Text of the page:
“From its genesis 75 years ago, ORNL has a history and culture of solving large and difficult problems with national scope and impact,” ORNL Director Thomas Zacharia said. “ORNL scientists were among the scientific teams that achieved the first gigaflops calculations in 1988, the first teraflops calculations in 1998, the first petaflops calculations in 2008 and now the first exaops calculations in 2018. The pioneering research of ORNL scientists and engineers has played a pivotal role in our nation’s history and continues to shape our future. We look forward to welcoming the scientific user community to Summit as we pursue another 75 years of leadership in science.”
In addition to scientific modeling and simulation, Summit offers unparalleled opportunities for the integration of AI and scientific discovery, enabling researchers to apply techniques like machine learning and deep learning to problems in human health, high-energy physics, materials discovery and other areas. Summit allows DOE and ORNL to respond to the White House Artificial Intelligence for America initiative.
“Summit takes accelerated computing to the next level, with more computing power, more memory, an enormous high-performance file system and fast data paths to tie it all together. That means researchers will be able to get more accurate results faster,” said Jeff Nichols, ORNL associate laboratory director for computing and computational sciences. “Summit’s AI-optimized hardware also gives researchers an incredible platform for analyzing massive datasets and creating intelligent software to accelerate the pace of discovery.”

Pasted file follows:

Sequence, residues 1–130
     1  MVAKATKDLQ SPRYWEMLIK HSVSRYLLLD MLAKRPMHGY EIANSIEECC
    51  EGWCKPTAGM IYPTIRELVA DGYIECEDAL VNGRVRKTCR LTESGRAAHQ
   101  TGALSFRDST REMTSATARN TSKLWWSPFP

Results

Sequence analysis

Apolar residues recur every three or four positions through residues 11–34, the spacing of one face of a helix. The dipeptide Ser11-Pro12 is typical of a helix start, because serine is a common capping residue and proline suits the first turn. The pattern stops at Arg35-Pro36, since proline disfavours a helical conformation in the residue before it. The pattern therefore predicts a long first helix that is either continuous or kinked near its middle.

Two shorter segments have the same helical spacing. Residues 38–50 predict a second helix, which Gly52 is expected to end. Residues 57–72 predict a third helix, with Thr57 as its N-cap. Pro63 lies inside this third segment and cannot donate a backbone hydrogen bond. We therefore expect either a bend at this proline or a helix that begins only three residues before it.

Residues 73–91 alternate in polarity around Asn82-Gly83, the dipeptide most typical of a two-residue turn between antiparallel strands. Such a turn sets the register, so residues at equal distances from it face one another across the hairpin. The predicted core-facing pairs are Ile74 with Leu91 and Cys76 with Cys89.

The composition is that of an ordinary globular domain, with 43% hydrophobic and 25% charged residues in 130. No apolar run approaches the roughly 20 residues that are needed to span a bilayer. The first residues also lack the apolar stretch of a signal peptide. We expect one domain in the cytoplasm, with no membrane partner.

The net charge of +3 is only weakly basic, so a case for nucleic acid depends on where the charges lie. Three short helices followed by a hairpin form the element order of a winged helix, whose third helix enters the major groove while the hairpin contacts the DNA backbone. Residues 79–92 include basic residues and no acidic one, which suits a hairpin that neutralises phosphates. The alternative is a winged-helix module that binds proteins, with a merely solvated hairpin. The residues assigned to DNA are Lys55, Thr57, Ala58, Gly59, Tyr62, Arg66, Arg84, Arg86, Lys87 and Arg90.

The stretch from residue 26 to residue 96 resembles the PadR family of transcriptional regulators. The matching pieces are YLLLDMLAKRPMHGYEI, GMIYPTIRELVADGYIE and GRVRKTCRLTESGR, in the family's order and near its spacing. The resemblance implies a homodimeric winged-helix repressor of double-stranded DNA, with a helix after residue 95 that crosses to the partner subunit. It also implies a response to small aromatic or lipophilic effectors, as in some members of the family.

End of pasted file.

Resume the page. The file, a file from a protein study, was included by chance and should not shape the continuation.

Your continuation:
Summit moves the nation one step closer to the goal of developing and delivering a fully capable exascale computing ecosystem for broad scientific use by 2021.
Summit will be open to select projects this year while ORNL and IBM work through the acceptance process for the machine. In 2019, the bulk of access to the IBM system will go to research teams selected through DOE’s Innovative and Novel Computational Impact on Theory and Experiment, or INCITE, program.
In anticipation of Summit’s launch, researchers have been preparing applications for its next-generation architecture, with many ready to make effective use of the system on day one. Among the early science projects slated to run on Summit:
Exploding stars, known as supernovas, supply researchers with clues related to how heavy elements—including the gold in jewelry and iron in blood—seeded the universe.
The highly scalable FLASH code models this process at multiple scales—from the nuclear level to the large-scale hydrodynamics of a star’s final moments. On Summit, FLASH will go much further than previously possible, simulating supernova scenarios several thousand times longer and tracking about 12 times more elements than past projects.
“It’s at least a hundred times more computation than we’ve been able to do on earlier machines,” said ORNL computational astrophysicist Bronson Messer. “The sheer size of Summit will allow us to make very high-resolution models.”